A major constraint in rolling out targeted assistance programmes for these rural informal workers has been the lack of information. While technology can be used to fill critical information gaps, one needs to be realistic in expectations regarding reliance on spatial data and mobile phones to gather geo-tagged data. Using digital technology to make mobile payments may not be as effective in places where access to such technologies is limited. The government had already adopted stimulus packages to provide support to the most economically vulnerable, including emergency funding/relief for businesses and individuals. But these packages were relatively modest and reflected the country’s limited financial resources. However, they did include some form of relief to the needy, mostly in the form of rations and/or cash transfers. But although these economic support packages were probably well-designed, but these were not large enough to address the urgent challenges of all the informal workers.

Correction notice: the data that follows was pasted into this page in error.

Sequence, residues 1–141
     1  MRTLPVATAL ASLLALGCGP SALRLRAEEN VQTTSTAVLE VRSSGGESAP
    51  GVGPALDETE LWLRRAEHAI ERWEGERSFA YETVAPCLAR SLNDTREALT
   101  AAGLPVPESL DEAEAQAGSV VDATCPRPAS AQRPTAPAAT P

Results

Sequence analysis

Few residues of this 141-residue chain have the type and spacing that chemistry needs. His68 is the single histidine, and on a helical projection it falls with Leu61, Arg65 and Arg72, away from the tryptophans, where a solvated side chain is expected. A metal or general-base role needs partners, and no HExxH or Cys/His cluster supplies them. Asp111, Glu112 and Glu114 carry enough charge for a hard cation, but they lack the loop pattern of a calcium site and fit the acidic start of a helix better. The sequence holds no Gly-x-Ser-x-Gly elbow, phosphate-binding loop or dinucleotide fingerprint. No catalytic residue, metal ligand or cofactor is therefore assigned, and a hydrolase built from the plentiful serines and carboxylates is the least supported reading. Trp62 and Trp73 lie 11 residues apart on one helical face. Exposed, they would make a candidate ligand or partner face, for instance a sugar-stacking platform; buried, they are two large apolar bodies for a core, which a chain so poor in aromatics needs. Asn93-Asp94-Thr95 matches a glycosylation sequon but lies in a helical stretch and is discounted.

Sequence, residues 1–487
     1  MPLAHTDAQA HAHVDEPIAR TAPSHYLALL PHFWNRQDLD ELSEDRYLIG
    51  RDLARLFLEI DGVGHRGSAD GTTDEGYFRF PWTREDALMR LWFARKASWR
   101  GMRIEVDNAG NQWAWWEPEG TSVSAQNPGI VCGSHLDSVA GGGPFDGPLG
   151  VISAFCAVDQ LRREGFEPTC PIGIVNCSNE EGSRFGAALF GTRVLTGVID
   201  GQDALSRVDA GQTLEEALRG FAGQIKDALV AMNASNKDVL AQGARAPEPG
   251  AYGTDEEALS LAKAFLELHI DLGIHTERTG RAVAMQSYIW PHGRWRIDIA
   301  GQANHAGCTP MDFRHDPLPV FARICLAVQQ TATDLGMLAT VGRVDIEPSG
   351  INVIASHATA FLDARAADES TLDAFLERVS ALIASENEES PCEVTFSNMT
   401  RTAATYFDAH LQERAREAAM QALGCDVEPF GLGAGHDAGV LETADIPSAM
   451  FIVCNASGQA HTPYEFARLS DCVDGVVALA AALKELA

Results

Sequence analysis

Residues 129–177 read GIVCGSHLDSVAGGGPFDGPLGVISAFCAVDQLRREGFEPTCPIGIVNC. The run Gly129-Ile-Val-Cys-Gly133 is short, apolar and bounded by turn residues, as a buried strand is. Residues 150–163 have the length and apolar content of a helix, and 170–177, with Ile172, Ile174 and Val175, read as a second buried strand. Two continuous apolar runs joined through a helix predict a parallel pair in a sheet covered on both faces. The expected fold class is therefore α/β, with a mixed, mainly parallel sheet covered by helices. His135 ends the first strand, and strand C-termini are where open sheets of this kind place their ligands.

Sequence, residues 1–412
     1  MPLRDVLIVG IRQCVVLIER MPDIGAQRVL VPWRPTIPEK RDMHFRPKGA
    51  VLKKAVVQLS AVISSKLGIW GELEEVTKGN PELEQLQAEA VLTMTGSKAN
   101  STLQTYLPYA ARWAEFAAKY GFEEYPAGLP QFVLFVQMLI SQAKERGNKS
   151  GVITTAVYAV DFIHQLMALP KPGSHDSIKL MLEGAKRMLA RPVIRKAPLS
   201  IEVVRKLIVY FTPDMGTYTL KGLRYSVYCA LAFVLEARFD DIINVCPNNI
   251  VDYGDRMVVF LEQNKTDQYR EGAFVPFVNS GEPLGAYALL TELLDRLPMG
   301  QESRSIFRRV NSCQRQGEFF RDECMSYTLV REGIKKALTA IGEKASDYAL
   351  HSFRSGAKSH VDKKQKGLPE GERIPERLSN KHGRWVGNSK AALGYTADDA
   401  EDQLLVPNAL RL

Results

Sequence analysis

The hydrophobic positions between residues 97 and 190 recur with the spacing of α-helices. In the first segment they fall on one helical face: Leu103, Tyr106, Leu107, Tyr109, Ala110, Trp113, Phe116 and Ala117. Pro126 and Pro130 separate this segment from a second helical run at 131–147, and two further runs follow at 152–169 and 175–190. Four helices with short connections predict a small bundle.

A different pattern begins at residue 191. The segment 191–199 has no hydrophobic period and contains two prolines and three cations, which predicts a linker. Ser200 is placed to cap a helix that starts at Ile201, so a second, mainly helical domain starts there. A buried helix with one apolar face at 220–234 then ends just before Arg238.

However, recognising the contribution of the rural informal workers to the national economy, the government will have to work with what already exists along with working out new and better options. The key will be to devise mechanisms to extend the coverage of existing social protection programmes to all informal workers mainly to enable them to survive the immediate impact of the pandemic. Where existing registries or databases exist, quick assessments can be made on their relevance for the scale-up of social protection interventions. The government also needs to introduce reforms to stabilise the long-term impacts of the economic shocks on informal workers and find innovative and sustainable ways to identify and reach those who need assistance. Restoring disruptions in the food supply chain and strengthening market linkages for local producers can benefit these informal workers and ensure the provision of essential services and products.
While the steps taken to push rural recovery are essential, in order to reduce income disparity and regional inequity in the long run, localisation of industries and employment are critical. Apart from providing enhanced access to credit and support services to agriculture and CMSMEs, there is also a need to work on institutional factors and a robust governance framework for effective implementation of these programmes. A renewed focus on the use of technology in agriculture, promoting fintech, creating opportunities for self-employment and entrepreneurship, as well as building resilient value chains in both rural and urban markets will go a long way in making the economy disaster-resilient for the future.